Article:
When we show up, embodied in the presence of another person who is on our same page, the connection means more.  We've all been in situations when we were looking for a meaningful connection, or support  - then someone walks into our lives, and things click. Whether it's a significant other, lover, friend or family member, we can all remember that physical feeling we got when we were around that person. We felt supported. 

Another key element to being able to receive support from another is our willingness to be vulnerable. When we drop our created walls and our accepted social norms and we're really unguarded present in the moment that's where we can grow and connect. At that time when we're open and honest with ourselves that's when we can feel supported. When others are there to help us, support us and connect with us - our ability to be vulnerable is critical. 

Researcher Brene Brown gives this TED Talk entitled "The Power of Vulnerability" that is really cool. Especially for men. Many of us, if not all of us are told not to be vulnerable. Vulnerability is a weakness. Men are supposed to be strong, independent, isolated and unwavering. Society upholds these values and spews them upon us for us as little boys to make sense of. Even if you have wonderfully supportive parents who instill vulnerability in you, you still have to make sense of advertising images that tell us that it's not ok to cry or be tender, or be vulnerable.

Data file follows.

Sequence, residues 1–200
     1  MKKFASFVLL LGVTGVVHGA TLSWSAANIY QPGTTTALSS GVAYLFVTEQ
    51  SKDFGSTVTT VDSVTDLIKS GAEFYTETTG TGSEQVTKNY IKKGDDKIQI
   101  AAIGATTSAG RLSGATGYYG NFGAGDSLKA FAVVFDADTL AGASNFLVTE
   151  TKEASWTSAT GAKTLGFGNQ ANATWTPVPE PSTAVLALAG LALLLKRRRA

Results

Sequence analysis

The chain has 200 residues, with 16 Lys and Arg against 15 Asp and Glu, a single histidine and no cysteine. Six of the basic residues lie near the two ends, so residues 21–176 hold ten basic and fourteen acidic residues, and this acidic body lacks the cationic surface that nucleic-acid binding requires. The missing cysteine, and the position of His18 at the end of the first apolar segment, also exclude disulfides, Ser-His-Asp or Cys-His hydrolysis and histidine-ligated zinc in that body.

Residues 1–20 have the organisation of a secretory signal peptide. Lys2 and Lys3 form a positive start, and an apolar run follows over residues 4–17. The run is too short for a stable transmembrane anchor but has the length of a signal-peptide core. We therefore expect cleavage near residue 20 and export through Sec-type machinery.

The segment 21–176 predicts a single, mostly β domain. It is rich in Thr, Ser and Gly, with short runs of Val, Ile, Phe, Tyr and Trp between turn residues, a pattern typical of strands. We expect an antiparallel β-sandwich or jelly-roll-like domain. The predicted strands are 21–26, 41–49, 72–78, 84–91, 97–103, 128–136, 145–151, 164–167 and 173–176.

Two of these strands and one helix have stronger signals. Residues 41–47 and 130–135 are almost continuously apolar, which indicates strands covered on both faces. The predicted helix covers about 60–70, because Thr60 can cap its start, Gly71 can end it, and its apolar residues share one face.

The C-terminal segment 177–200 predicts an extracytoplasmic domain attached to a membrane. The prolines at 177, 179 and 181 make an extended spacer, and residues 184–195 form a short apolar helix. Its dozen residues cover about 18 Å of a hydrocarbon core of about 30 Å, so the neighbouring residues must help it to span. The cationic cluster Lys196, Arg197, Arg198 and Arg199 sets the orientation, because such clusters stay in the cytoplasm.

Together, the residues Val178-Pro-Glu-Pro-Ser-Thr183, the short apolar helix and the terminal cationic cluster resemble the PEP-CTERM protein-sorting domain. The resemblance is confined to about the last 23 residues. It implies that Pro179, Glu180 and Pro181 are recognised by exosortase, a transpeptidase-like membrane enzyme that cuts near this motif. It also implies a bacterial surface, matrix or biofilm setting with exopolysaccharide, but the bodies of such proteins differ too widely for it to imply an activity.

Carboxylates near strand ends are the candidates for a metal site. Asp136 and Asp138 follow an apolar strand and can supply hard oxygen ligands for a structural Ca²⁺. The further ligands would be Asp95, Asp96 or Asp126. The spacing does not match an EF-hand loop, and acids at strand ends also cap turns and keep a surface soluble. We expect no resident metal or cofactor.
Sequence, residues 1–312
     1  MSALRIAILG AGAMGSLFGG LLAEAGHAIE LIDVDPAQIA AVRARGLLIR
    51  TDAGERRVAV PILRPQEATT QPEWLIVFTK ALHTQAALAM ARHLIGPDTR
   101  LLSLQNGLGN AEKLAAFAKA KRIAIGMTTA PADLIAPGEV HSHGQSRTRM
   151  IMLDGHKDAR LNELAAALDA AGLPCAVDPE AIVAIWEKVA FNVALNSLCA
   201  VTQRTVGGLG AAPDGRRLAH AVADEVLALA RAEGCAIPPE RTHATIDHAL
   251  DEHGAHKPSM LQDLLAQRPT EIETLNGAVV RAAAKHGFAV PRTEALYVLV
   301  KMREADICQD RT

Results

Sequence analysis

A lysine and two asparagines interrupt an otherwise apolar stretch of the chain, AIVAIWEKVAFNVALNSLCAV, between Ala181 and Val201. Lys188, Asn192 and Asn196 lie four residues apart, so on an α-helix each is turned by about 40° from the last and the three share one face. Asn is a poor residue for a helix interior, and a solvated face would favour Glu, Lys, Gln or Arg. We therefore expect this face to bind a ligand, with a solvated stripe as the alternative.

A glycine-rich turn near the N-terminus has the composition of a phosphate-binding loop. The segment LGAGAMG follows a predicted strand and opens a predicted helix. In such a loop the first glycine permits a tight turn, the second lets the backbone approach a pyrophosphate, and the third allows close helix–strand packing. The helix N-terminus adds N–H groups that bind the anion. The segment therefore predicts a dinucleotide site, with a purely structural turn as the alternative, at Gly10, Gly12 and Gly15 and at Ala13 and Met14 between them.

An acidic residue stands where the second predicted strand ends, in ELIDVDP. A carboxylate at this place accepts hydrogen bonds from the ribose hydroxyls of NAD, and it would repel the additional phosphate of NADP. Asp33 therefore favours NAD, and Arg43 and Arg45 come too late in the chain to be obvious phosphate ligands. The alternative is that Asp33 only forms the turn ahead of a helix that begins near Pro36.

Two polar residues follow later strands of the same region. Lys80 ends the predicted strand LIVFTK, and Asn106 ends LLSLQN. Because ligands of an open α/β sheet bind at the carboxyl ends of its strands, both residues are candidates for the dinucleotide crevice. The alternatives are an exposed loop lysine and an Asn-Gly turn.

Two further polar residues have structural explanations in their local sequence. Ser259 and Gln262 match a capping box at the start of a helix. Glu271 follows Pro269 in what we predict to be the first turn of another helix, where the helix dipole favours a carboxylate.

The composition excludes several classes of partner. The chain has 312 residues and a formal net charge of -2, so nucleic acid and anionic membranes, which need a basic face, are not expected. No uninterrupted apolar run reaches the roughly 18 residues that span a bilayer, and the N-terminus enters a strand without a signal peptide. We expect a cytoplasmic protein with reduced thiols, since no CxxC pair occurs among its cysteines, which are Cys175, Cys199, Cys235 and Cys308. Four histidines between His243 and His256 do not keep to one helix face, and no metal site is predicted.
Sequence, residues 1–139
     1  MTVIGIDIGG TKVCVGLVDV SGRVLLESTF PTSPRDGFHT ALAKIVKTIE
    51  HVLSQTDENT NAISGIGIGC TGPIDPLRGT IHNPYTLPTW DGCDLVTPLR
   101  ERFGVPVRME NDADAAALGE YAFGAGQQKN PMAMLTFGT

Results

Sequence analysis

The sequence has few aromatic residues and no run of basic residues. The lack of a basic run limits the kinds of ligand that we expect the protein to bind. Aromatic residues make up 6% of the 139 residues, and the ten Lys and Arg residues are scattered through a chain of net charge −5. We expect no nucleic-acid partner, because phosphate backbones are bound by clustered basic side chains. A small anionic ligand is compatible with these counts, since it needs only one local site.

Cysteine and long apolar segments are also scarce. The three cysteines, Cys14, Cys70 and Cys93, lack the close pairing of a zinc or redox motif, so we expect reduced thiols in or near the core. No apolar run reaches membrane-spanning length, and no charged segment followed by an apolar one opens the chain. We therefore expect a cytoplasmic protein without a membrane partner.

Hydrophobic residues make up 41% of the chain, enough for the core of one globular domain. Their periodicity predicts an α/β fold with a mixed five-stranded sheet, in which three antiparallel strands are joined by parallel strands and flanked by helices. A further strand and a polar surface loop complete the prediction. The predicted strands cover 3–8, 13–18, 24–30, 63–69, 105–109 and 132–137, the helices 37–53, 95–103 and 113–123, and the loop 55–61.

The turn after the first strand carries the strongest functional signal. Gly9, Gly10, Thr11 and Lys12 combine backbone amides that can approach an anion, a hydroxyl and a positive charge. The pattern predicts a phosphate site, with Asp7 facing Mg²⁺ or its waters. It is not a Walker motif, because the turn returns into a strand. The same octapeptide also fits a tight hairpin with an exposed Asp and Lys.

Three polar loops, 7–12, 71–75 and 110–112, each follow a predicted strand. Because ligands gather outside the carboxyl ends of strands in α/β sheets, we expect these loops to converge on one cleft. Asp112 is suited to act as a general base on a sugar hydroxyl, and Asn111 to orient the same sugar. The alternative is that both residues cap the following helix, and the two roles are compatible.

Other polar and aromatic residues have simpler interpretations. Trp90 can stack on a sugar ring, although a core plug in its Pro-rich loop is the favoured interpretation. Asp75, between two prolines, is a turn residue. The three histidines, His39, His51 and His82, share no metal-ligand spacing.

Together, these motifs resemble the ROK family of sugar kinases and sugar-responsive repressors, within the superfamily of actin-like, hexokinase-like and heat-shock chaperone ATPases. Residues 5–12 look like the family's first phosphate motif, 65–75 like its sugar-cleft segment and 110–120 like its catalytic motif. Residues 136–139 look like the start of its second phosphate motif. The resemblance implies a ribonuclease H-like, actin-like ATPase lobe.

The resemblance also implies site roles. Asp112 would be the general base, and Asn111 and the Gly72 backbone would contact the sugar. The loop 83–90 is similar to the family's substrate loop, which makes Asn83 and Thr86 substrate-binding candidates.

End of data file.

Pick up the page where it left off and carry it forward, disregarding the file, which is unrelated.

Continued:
SIDE NOTE: I come from the school of thought that little boys are born with a primal imprint to be physical and strong willed. Girls too of course, but boys especially. Much like the evolutionary adaptation that rewarded support  and collaboration among men - I truly believe that boys are born with certain innate qualities that allow them to thrive. I take myself as an example and my son as an example. As many times as my wife and I make space and nurture vulnerability, kindness and tenderness, my son catches himself crying and stops himself. He takes pride in being tough, although he doesn't talk about being tough, his actions speak it. He's seen me cry, but still there is something in there that he tries to stifle. 

Vulnerability is something that takes nurturing. Meta right? We have to place more of an emphasis on allowing ourselves to be vulnerable and open to support. We have to be open to being supported by the people around us. We have to de-program ourselves and allow ourselves to receive support from trusted sources. On that note, make sure that the people whom you are turning to for support are doing it authentically: not for some rush from being a part of drama OR energy vampires that feed off of your emotions. This ties into surrounding yourself with people that love and support you already.

 

"The strongest love is the love that can demonstrate its fragility. " 

Paulo Coelho - author of The Alchemist

 

Since it is my aim to write blog posts that are immediately useful in your life - the question is, how can we get the support we need?